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March 30, 2021 3 Comments
It was a cloudy and mildly blustery spring day. The horses were all on high alert. Even Old Blue was more energetic than normal. My old cowboy friend would say they were full of "P and V." Which stands for... nevermind:)
Two horses were saddled, standing, but not still. The last horse was playing hard to saddle and I could tell emotions were climbing in her handler.
"Hold still you little punk," her handler shouted. Finally, after several attempts, the saddle landed square on the horses back and the person throwing the saddle preceded to cinch up. No doubt, the horses were wired. Even as the saddle tightened up, the horse continued to dance a little more than normal.
None the less, the horses were ready to go and the riders were even more ready, but something was missing and no one there knew or cared what it was. That "something" never really meant anything to anybody until about an hour later when the ambulance arrived to collect one rider with a broken arm and concussion.
Stories like the one above happen often, and more often in the spring. So it's important to understand what that "something missing" is. I bet you can guess. If you've been studying with me for a long time you won't have any trouble guessing. The something is called "patience." There are three words that start with "P" that you should remember forever. Patience, persistence, and positioning.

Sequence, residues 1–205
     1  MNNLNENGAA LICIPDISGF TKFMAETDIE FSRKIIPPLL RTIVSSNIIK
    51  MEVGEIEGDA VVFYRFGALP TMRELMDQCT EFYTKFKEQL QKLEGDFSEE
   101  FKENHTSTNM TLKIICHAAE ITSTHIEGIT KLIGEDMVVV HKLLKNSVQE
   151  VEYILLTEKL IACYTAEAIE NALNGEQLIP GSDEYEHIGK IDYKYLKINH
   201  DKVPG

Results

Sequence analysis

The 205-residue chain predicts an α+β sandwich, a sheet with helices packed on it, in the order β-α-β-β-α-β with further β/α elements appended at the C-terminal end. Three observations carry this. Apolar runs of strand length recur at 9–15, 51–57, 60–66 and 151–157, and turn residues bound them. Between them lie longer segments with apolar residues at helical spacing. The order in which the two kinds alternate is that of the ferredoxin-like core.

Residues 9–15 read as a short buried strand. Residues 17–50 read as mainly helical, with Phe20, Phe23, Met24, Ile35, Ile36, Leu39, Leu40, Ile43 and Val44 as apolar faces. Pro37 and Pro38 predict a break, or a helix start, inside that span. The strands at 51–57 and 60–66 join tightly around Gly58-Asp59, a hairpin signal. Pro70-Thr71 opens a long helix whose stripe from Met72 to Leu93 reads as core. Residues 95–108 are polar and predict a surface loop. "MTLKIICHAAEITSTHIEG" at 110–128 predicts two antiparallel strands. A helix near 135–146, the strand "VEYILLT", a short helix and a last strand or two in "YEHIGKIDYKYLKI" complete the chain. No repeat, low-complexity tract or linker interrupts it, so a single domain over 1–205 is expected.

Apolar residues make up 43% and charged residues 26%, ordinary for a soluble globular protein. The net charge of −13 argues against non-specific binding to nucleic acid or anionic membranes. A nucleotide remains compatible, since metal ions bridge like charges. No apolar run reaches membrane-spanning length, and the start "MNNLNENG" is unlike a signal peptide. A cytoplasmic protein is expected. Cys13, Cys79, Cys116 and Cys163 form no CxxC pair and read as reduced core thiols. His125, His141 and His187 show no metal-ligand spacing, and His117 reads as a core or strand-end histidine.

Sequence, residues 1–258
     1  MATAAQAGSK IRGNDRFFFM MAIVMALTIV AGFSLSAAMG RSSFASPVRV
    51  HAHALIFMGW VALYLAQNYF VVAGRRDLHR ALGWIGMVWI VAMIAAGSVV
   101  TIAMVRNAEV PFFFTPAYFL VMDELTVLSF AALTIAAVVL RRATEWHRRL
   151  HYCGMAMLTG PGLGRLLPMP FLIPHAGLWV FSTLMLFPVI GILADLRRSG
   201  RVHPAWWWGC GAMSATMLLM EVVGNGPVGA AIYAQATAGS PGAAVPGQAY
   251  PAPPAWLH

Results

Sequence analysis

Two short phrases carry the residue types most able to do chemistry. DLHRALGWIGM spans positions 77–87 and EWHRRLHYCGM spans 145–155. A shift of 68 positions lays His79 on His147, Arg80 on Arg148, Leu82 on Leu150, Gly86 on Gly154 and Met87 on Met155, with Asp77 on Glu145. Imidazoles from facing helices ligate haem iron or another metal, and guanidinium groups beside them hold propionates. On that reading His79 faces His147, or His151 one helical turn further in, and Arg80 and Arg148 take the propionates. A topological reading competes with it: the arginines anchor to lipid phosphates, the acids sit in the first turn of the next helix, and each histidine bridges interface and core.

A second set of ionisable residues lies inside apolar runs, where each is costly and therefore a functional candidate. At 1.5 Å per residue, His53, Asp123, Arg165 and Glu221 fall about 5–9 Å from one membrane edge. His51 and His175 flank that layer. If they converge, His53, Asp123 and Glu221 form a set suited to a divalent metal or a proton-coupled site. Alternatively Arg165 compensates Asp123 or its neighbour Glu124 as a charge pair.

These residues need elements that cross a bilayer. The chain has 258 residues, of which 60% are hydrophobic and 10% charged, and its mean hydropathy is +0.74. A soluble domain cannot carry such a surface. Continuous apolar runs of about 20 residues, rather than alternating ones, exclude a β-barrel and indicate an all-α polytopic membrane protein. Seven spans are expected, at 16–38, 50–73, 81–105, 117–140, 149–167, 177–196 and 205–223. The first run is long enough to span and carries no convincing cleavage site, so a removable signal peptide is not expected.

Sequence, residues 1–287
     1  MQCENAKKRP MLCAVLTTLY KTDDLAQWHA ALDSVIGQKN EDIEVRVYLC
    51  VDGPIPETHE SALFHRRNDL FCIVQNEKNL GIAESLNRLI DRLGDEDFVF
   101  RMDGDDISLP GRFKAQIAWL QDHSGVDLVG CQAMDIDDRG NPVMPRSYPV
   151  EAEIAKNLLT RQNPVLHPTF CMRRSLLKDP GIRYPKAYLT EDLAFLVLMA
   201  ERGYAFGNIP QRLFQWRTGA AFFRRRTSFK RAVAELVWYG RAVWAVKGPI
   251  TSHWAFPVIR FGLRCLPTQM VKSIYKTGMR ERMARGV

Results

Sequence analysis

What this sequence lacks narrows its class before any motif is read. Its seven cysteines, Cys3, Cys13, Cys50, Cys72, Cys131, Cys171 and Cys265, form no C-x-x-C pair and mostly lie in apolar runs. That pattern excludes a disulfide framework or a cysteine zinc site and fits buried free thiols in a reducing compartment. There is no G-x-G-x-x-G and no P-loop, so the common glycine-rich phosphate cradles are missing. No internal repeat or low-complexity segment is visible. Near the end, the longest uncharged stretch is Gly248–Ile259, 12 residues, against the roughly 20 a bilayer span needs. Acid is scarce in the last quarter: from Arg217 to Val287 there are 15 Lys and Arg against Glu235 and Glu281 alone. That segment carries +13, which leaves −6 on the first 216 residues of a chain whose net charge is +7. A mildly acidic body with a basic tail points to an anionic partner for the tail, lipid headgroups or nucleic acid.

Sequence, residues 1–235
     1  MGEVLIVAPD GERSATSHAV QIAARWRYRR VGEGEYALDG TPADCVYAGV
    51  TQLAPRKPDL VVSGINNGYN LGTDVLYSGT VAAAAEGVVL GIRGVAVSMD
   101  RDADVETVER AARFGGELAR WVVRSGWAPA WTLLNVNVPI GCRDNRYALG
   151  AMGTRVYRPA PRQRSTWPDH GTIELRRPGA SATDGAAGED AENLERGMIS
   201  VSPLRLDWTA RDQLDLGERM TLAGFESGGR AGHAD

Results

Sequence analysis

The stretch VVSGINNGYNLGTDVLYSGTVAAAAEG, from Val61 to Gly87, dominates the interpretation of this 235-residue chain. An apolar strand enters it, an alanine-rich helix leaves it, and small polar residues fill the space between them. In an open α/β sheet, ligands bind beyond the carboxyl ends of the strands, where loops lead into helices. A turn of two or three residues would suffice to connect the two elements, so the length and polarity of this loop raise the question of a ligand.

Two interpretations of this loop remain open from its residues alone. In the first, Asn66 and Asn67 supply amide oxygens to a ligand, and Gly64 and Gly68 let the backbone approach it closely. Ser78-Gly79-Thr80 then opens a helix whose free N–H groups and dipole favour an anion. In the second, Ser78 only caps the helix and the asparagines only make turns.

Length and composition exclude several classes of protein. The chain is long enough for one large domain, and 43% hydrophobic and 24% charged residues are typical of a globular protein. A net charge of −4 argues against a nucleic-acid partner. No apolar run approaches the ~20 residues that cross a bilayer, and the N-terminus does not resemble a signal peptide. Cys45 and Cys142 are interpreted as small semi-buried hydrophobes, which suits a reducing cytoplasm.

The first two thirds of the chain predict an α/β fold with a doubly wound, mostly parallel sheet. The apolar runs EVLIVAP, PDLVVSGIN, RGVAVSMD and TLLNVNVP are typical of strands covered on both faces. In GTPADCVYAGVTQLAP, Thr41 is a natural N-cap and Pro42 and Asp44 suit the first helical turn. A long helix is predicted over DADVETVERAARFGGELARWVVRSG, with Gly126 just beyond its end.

Technically, two of the three "p's" were missing in the story above. The riders were impatient, and didn't put enough importance on the horses standing still, in position. The riders were persistent. But focused on the wrong things. Bottom line, one of the biggest spring time blunders is expecting your horse to be a good horse and not taking the time to ensure they are. It's bypassing the little things, because you're in a hurry, that get you in trouble. Every time you ride, literally every time, and especially in the spring, you should account for the extra time needed to help the horse. Be in it for the horse too.
Here is a video outlining a spring restart program we do. Step by step, you'll see how nothing is missed. We work on everything until it's a passing grade, and only then moving on to the next step. Avoid those spring time blunders and ensure your horse is on the same page as you.
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